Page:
Uruguay’s experiment with legal domestic cannabis cultivation is about to enter a new phase, marking a key opportunity for the country to demonstrate what an effective enforcement model for the law will look like in the future.
The history of 4/20 is somewhat hazy, but it is widely thought to be the work of a group of teenagers who in 1971 made a pact to find an abandoned cannabis crop near their homes in San Rafael, Calif., and designating 4:20 p.m. as their meeting time. The number has since taken on a mythical quality, inspiring pot enthusiasts to stage an annual day of celebratory cannabis consumption. With 4/20 revelers expected to hold smoke-filled demonstrations across the country and around the globe, here’s a round-up of what world leaders and media commentators have said about the drug legalization issue in recent days.
Uruguay's proposal to legalize marijuana sales – and make its government the sole seller – reflects a growing worldwide urge to find new and less violent solutions to an old but more deadly drug war. The U.S. – which has emphatically rejected Latin America’s increasing call for marijuana legalization – is no doubt irked by Mujica’s move, especially since his bill also calls on the international community to consider marijuana legalization. So, probably, is the U.N.’s International Narcotics Control Board, which doesn’t even think Bolivians should be allowed to grow and chew coca leaves for traditional uses. But the U.S. and U.N. mindset on drug legalization is hardly as dominant as it was just a few years ago. The world seems fed up with the status quo.
Nearly a year after Colorado and Washington State voted to become the first states to legalize recreational marijuana, the detailed rules governing how pot will be grown, sold and taxed are finally complete. And as the two states implement their different approaches, the whole world is watching. This week, the American Civil Liberties Union (ACLU) announced a new panel, headed by California Lieut. Governor Gavin Newsom, to draft a possible 2016 ballot measure to legalize pot in California.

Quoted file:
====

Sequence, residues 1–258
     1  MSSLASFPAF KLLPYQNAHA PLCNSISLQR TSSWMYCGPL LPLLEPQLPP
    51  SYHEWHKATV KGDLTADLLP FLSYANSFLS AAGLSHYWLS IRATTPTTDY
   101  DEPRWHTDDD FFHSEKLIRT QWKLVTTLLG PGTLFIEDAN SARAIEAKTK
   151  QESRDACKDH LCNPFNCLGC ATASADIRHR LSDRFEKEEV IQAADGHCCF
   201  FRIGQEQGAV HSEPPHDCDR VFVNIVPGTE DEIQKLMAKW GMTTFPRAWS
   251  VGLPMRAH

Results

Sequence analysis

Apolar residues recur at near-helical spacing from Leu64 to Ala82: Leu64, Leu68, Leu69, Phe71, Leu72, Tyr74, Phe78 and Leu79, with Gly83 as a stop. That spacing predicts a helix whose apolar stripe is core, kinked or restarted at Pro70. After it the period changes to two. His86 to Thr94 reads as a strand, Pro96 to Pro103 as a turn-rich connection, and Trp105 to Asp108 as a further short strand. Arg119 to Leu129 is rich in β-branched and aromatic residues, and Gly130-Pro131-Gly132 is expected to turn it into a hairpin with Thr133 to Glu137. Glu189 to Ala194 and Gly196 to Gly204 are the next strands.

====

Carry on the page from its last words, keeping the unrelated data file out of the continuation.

For the first time, the General Social Survey – a large, national survey conducted every two years and widely considered to represent the gold standard for public opinion research – shows a majority of Americans favoring the legalization of marijuana.
With other states already starting to allow the legal use of marijuana, Maine needs to get ahead of the issue and legalize, regulate and tax the sale of the drug, lawmakers were told. LD 1229, the Act to Tax and Regulate Marijuana, was introduced by State Rep. Diane Russell (D-Portland). "This issue is coming to our state," Russell told the Criminal Justice and Public Safety Committee as it took up the bill she sponsored. It has 35 co-sponsors in the 186-member Legislature.